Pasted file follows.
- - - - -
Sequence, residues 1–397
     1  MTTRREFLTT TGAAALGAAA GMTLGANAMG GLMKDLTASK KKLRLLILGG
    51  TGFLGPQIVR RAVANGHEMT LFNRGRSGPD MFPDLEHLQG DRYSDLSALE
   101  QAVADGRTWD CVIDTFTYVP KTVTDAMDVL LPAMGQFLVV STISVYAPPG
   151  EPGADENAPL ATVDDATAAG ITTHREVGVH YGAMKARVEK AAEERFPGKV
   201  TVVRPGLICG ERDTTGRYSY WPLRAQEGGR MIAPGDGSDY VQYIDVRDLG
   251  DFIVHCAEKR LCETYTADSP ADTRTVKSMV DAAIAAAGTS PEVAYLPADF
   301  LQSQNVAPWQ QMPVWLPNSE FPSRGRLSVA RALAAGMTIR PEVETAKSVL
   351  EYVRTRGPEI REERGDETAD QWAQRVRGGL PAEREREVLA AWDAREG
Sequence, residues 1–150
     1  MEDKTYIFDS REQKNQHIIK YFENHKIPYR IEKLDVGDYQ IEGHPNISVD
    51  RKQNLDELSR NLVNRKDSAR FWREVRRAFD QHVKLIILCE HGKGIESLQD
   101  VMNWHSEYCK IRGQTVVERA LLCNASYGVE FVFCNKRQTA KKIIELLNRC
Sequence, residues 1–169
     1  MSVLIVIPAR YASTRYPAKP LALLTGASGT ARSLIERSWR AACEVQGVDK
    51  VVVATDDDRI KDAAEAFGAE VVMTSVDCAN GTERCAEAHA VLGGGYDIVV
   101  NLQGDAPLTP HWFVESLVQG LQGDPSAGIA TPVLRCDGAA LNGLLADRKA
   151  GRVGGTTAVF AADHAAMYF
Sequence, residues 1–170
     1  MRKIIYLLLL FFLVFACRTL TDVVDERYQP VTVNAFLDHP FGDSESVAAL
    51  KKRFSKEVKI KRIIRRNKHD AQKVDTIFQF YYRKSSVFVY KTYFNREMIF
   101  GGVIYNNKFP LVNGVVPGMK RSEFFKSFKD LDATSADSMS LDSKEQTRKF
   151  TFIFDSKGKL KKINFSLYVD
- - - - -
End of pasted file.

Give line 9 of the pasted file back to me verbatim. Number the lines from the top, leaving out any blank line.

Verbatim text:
   351  EYVRTRGPEI REERGDETAD QWAQRVRGGL PAEREREVLA AWDAREG